NEW YORK (
) -- Here are a few words of caution for investors: It's never a good thing if the only optimism a CEO can muster requires looking out to his company's competitive positioning in 2015.
Here are a few more: It's even worse if the industry in which the company operates is a fast-changing one in which pricing and the supply/demand balance have been anything but rational or predictable.
That's the case with
(FSLR - Get Report)
after a conference call Wednesday to discuss its revised outlook, which sent its shares down another 20% to under $35.
First Solar more or less restated the strategic vision it has been chasing for a few years already. As subsidized European markets wane it is better insulated than other companies -- notably the Chinese crystalline silicon players -- because it has bought a large pipeline of utility-scale solar projects into which its modules can be slotted. First Solar may be dead in the rooftop solar market, but the rooftop solar market is on life support anyway, according to First Solar.
First Solar's strategic vision has it reducing costs per watt to the 50-to-54-cent mark by 2015 and adds that the Chinese crystalline silicon players would have to get to the 57-cent cost per watt mark to stay competitive. The implication is that the Chinese can't, but why can't they?
Wunderlich Securities analyst Theodore O'Neill wrote in a note, "In July 2009, FSLR management told analysts that even if traditional silicon makers could get to $1.00/watt (which management said was all but impossible), it would still have a competitively priced product. In today's presentation, FSLR said the new number is now $0.57/watt. What the Street is coming to realize is that it's a moving target."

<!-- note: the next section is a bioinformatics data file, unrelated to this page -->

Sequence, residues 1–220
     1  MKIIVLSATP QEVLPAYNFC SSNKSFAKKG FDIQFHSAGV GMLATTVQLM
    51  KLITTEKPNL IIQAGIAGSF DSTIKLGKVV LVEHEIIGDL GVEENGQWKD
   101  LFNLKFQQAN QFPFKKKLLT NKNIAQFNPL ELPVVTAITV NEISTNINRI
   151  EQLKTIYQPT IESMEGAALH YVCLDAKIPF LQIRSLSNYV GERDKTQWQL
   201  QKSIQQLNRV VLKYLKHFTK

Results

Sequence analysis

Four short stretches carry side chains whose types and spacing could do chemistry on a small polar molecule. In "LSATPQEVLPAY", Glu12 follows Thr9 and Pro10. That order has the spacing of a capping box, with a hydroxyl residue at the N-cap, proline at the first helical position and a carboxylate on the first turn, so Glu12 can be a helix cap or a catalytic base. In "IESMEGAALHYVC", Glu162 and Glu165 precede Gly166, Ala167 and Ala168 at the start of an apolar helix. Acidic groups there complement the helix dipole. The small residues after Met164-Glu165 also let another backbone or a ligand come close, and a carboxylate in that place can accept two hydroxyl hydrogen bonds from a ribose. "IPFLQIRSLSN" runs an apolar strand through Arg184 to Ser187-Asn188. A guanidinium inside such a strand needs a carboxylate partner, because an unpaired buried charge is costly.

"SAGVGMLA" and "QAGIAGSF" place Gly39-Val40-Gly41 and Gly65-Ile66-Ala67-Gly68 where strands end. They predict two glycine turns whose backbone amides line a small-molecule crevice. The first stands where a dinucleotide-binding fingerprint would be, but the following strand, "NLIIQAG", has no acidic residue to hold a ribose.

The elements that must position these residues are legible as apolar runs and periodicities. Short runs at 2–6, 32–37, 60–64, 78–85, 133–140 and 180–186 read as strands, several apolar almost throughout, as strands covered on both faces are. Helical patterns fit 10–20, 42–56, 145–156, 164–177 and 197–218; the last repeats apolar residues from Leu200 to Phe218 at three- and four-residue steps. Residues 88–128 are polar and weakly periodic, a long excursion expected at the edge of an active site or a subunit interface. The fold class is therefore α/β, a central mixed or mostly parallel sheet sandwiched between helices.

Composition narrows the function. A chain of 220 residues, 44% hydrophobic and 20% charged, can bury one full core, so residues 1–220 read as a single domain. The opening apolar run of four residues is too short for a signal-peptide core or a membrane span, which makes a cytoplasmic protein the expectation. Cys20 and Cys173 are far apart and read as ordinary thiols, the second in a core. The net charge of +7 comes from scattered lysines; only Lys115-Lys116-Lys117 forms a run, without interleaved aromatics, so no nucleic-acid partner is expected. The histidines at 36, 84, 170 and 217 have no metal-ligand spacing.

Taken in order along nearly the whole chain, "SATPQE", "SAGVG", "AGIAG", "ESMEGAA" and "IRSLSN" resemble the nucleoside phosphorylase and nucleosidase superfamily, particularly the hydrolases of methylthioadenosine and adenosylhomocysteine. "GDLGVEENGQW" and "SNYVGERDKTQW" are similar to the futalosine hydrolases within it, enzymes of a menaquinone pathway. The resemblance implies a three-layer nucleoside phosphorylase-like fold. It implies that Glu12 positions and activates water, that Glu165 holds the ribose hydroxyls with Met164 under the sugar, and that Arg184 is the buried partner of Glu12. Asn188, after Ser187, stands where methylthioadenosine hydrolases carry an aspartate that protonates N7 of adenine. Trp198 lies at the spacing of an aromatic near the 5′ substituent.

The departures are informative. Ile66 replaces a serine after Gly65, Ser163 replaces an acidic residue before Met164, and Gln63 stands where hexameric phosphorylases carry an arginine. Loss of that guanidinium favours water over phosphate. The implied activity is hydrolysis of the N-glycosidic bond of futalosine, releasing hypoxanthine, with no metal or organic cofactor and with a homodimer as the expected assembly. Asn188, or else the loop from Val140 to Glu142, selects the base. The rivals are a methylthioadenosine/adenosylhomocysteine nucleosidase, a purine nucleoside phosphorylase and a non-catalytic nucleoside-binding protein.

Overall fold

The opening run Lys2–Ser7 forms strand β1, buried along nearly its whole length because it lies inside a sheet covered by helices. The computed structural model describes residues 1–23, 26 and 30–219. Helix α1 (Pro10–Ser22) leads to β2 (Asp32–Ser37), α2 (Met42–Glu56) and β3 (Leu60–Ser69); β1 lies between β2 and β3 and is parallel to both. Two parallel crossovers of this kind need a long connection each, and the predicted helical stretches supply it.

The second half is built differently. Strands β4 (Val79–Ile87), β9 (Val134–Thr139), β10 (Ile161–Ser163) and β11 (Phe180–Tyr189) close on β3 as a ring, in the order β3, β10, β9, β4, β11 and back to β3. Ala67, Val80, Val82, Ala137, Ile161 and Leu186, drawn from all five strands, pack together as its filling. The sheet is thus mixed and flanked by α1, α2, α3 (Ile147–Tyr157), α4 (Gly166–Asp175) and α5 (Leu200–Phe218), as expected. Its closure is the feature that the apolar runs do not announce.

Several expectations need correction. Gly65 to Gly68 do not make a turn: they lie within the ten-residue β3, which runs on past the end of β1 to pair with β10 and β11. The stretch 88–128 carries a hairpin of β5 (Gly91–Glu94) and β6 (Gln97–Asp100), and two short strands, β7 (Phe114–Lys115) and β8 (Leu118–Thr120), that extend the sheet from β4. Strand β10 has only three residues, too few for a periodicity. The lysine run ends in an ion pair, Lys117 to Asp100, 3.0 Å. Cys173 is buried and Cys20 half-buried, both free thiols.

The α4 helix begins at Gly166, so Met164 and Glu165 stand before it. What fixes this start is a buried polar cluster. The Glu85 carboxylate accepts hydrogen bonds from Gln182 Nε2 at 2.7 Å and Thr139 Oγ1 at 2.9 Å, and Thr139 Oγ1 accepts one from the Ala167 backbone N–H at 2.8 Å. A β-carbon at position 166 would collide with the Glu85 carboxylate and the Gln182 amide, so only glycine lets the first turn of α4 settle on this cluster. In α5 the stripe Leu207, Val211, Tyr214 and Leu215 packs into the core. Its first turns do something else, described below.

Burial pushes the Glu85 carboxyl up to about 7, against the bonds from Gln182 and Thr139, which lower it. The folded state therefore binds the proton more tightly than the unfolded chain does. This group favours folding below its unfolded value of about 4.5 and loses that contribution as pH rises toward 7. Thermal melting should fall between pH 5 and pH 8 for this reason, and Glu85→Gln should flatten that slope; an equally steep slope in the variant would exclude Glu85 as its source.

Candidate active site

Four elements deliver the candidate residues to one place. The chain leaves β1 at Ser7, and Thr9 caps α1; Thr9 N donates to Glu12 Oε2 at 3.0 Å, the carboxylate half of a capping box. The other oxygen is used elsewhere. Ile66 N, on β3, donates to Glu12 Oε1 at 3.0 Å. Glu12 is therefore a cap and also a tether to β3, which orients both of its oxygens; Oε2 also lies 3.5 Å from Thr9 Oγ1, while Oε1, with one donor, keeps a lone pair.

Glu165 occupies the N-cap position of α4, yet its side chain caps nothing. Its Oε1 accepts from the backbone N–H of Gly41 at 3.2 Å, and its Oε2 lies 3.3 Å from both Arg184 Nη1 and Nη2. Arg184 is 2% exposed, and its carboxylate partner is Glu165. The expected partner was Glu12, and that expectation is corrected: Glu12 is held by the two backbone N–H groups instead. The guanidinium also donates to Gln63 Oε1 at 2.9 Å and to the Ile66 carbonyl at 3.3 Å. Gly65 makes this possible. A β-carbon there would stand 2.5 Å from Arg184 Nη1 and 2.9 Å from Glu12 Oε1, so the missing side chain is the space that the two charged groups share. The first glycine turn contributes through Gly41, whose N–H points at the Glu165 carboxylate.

This year, the Chinese solar industry pushed costs down to near the $1/watt level -- though not making much money in the process as average sales prices hover around $1 because it's a glutted market -- but the point is that the unprecedented decline in pricing which was "impossible to imagine" just a year ago, happened.
Indeed, think of how "well positioned" Solyndra was for the future if only module prices hadn't fallen by 43% in solar within half a year. The problem is, prices throughout the solar supply chain do, and may again, exceed the "best" assumptions about the level and pace of price decline.
First Solar said on Wednesday that its low-cost technology and captive U.S. pipeline will help it remain profitable in a "shrinking structurally oversupplied industry." The company also said that it could continue to play whack-a-mole in subsidized markets or find a different game to play.
This is somewhat misleading. It can't compete in the whack-a-mole subsidized markets against the Chinese:
First Solar is capitulating
in that arena, where it can only lose money. And it long ago said the other game to play was the large-scale project market, and now says it plans to derive all new sales from sustainable markets by the end of 2014, but what guarantees that the Chinese won't begin to increasingly play that game as well?